Save $10 off $199 | $25 off $499 | $50 off $999 using the code SPRINGSAVE at checkout. Excludes orders containing MAP items.
FCP Euro Spring Sale

Diagnosing a newer car is easier than you think. Since 1996, all new cars like the Volvo S60 and BMW 325i have been fitted with the OBD-II system, which monitors the engine very closely, specifically the emissions systems. If anything looks wrong, and the computer cannot regulate it, it will set a fault. By deciphering these faults, you can determine what component has failed, and make repairs accordingly. Using an OBD-II scanner, you can diagnose most problems at home in no more than afternoon.

Get what your budget allows


When you're shopping for an OBD-II scanner, make sure you get one that can read live data. It will be a little more expensive than one that just reads codes, but you will need it to do any real diagnosis. Get what your budget allows – these tools have a wide range of prices.

Now, an important thing to realize when dealing with OBD faults is to realize that the engine computer is not as smart as you think it is. If it was really smart, it would just tell you what the cause of the problem is. Since it's stupid, it can only tell you what the symptoms are, and you, the smart one, have to figure out the cause. Dead fuel pumps cause stalling, but the ECU doesn't always know the fuel pump is dead. The ECU sees that the engine stopped for no reason, and that air has stopped coming in, and sets faults for engine speed sensor and airflow sensor, because that's where it sees the problems.

Check the freeze frame data

Lean faults are fortunately very easy to diagnose with an OBD scanner and a can of parts wash.

There's three main things that can cause a lean fault:

  1. Bad oxygen sensor
  2. Bad mass airflow sensor
  3. Vacuum leaks (Most common)

If you have a lean fault, check the freeze frame data in the OBD scanner. This will tell you everything you need to know – coolant temperature, engine load, vehicle speed, fuel trims, throttle position – at the moment the fault was set.

The first step of diagnosis is to reproduce the concern. By reading the freeze frame data, you can figure out what temperature the engine should be at when you start looking in to it. With the engine at the correct temperature, look at the live data. Read the short term oxygen sensor regulation, or fuel trims – they should be bouncing around, positive, negative, all over the place. If the values are mostly positive, that means lean (think: positive means adding fuel), and negative means rich (think: negative means taking away fuel). Check your long term fuel trims, at idle, and see how lean they are. They don't have to be perfectly zero, but should be within +/-5%.

Next, perform an extended visual inspection. Be unscrupulous; if you don't like how that vacuum hose is looking at you, put it on the list of parts you'll replace. Check for fine cracks on booster hoses, brittle rubber, broken dipstick tubes, and collapsed vacuum hoses. Unless you see a vacuum hose actually physically hanging off, don't replace anything until you've completed the next step.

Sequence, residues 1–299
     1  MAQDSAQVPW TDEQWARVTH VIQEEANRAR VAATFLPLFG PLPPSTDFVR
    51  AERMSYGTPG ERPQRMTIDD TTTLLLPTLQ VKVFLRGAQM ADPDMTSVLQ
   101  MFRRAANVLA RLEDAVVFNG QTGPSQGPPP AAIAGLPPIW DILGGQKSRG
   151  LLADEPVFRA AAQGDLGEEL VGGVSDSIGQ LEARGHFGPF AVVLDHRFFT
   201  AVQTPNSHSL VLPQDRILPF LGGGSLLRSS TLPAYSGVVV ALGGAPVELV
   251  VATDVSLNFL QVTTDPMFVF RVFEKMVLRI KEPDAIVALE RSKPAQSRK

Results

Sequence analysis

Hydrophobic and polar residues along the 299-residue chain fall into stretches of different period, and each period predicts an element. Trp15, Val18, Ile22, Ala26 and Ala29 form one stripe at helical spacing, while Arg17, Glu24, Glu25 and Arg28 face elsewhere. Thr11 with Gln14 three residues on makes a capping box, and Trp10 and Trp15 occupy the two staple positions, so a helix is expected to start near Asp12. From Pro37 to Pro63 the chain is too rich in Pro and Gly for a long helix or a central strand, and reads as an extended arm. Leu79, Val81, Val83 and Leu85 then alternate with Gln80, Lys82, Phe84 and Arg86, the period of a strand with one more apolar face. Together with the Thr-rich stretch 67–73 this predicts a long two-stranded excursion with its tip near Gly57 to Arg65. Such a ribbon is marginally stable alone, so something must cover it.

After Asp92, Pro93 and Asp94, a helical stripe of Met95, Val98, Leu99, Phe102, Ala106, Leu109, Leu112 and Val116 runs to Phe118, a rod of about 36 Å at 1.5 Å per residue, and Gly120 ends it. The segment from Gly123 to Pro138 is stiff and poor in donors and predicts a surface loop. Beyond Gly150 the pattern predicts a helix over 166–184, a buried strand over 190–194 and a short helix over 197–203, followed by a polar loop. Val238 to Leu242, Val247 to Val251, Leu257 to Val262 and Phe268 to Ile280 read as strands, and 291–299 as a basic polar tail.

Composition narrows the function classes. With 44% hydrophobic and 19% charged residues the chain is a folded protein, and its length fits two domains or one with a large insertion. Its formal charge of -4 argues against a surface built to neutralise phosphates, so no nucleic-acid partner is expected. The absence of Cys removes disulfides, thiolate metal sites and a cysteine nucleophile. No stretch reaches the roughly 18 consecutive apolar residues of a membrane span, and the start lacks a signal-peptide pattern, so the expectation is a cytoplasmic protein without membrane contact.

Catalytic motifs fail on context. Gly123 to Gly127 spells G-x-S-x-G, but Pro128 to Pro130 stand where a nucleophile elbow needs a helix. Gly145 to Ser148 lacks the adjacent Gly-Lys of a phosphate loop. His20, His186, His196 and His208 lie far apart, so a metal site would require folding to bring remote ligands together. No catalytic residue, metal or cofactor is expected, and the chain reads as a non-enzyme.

Now, the fun part. If your readings are lean, then it's time to find your vacuum leak using aerosol parts wash. (Carb cleaner, brake cleaner, etc.) Make sure you're in a well ventilated area, and have at least a full can of parts wash. Watching your scanner, start spraying the engine down in small areas, but don't spray too much. You're not trying to clean the engine!

Popular MechanicsDon't spray like you're cleaning it

The idea here is to find the small leak in the air intake. By using parts wash, extra “fuel” is added to the air intake through the small leak, and the oxygen sensors read it, thinking the engine is too rich. When you do find your leak, the readings will go full negative, and you know where to focus your search, and eventual repair. Go slow, and don't spray it down like you're cleaning it. If you can, it works well to just dribble on the vacuum hoses. Spraying too much will cover too much area, and won't tell you too much.

Focus on the vacuum hoses, air intake boot, check valves, and breather hoses. On a lot of Volkswagen engines, the suction jet valve can crack at the seam, causing lean faults. If you're not getting any results, don't be afraid to tug around on hoses gently while applying parts wash. If the leak is there, it will show itself.

Doing your own diagnosis is a crucial part of doing it yourself. Without proper diagnosis, replacing parts is a gamble. And with European cars, it becomes a very expensive gamble very quickly. So check it right, replace it once, and get on with your life!

author image
Written by :
Chris Stovall

Chris is a journeyman mechanic from Berkeley, California, specializing in late model Volkswagens and Audis. A glutton for punishment, his spare time is spent rebuilding every component of his ’83 Rabbit GTI.

More Related Articles

Volvo P1, P2, P3, & SPA Platforms Explained
Mercedes-Benz Chassis Codes Explained
FCP Euro Spring Sale
How To Determine Volvo Brake Rotor Sizes
How to Fix An Intermittent Volvo A/C (Volvo P1)
BMW VIN Decoder for the 1600, 2002, 2002tii
Join Us For Cars & Coffee On July 29th!
Here's Why Volvos Are Considered Safe
© FCP Euro 2024. All rights reserved.  
Version: 2dfdad1fd